Regular readers of our blog may have noticed something of a herring theme this year, from the significance of the herring in Nordic culture to its symbolic and celebratory consumption at the Dutch festivals of Flag Day and the anniversary of the Relief of Leiden. But so far we have not yet looked at the herring in Germany and on the Southern Baltic shore, particularly as imagined and lived by GĂŒnter Grass.
In Grassâs Die Blechtrommel (The Tin Drum), Agnes Matzerath develops an unhealthy compulsion to eat fish, following the horror of seeing a horseâs head used to catch eels, consuming and force-feeding herself the very thing that has become monstrous to her. Set against the backdrop of rising National Socialism, Agnesâs eventual death by fish-poisoning cannot be separated from the social and familial mutations she experiences in 1920s Danzig.
Elsewhere, however, fish is dealt with far more fondly by Grass, while always remaining focal. In his autobiography, Beim HĂ€uten der Zwiebel (Peeling the Onion), Grassâs memories often carry the odour of fried herring, a staple during his time at the School of Fine Arts in Berlin, much to the disapproval of his teacher Karl Hartung, who â[took] offence at the smell of fried herring wafting through the door connecting his studio to oursâ. Even his description of the first months with his then girlfriend, Anna, includes, alongside the sentimental, the intimate and the erotic, the memory of showing the uninitiated cook âhow simple it is to remove the flesh from the bones of a fried herring.â Romance Baltic-styleâŠ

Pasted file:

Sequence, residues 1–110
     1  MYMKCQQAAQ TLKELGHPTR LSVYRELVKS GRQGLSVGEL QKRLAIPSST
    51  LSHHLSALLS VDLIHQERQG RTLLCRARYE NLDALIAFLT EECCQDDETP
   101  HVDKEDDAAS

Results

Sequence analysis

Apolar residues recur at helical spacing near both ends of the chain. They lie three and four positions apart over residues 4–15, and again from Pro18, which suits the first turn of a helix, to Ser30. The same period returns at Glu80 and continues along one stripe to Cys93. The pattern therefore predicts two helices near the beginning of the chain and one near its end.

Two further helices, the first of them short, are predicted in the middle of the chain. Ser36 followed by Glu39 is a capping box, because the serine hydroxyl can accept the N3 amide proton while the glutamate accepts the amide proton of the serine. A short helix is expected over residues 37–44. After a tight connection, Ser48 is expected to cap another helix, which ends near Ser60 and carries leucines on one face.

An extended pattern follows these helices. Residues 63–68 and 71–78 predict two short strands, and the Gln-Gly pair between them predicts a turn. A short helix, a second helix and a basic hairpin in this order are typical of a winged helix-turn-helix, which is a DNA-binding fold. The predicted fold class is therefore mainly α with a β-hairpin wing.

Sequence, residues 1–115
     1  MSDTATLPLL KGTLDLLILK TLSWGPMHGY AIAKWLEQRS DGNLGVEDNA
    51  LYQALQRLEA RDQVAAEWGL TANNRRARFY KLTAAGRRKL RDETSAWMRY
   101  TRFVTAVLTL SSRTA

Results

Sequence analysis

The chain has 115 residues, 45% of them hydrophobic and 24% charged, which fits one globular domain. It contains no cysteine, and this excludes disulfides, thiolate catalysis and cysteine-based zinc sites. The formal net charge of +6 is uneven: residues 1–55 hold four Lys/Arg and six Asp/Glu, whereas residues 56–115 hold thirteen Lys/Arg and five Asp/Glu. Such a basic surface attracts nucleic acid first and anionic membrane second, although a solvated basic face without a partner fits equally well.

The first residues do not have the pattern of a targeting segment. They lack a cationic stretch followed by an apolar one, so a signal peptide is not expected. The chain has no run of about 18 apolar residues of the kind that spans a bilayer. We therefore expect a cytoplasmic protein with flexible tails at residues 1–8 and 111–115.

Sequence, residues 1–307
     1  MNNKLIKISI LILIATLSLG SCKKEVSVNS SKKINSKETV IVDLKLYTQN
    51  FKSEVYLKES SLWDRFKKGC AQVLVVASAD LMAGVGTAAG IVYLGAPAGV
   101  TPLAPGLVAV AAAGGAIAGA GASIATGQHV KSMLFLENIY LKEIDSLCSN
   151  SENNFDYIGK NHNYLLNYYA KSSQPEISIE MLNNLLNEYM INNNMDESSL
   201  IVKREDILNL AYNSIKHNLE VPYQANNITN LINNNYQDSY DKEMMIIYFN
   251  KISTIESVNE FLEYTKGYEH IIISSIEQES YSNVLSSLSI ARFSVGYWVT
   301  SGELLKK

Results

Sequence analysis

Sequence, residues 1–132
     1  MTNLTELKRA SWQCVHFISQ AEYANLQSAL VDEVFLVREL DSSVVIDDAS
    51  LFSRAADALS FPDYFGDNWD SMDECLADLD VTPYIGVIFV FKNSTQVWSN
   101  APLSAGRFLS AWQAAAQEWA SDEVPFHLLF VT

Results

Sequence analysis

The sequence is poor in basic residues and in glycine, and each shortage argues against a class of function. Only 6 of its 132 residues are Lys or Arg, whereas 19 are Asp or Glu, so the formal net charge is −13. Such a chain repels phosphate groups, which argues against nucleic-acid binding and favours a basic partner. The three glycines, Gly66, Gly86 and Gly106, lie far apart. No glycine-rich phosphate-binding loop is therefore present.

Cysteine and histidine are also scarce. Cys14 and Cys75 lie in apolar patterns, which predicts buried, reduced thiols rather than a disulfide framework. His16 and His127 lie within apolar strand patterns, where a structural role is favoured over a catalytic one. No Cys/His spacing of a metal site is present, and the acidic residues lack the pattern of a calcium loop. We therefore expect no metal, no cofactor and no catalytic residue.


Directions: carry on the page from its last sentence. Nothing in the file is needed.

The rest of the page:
But it is in his Der Butt (The Flounder) where the herringâand essentially all Baltic peasant food from the Neolithic to the 20th centuryâgets a platform. It contains, woven into the epic history of women and food, recipes and other gastronomic tips, because for Grass, who thought the planting of potatoes in Prussia âdid more to change society than the Seven Yearsâ Warâ, this was a peopleâs history that had not yet been written.
Grass here is on one level writing the anti-âBabetteâs Feastâ. Karen Blixenâs/Isak Dinesenâs 1958 short story introduces an exceptional Parisian chef into the remote Norwegian town of BerlevĂ„g (or the west coast of Jutland, if youâre watching the 1987 film), who wins a lottery, enabling her to create an exquisite French menu without a herring in sight. However, most of the local guestsârefined as they areâreact indifferently to the meal, which is perhaps another implicit win for the herring.
The second book of Der Butt contains a chapter entitled âSkĂ„ne Herringâ, in which the domestic hell suffered by the husband of the mystic and visionary (not yet Saint) Dorothea von Montau, brings about a visit from the religious and political powers that be. Dorothea serves the four visitors Scania herring (Scania was dominant in the herring market in the 14th century) but not before Grassâs omniscient narrator cuts in to detail the variations of prepared herring: âThey can be used fresh, salted, smoked, or marinated. They can be boiled, baked, fried, steamed, filleted, boned and stuffed, rolled around gherkins, or placed in oil, vinegar, white wine, and sour cream.â Grass details how each of the women cooks he follows in his epic would have prepared the herring before telling us that Dorothea âbedded twelve Scania herrings on ashes strewn over the coals, so that without oil, spices, or condiment of any kind, their eyes whitened and they took on the taste of cooked fish.â The authoritiesâAbbot, Commander, Doctor of Canon Law and Dominicanâall approve.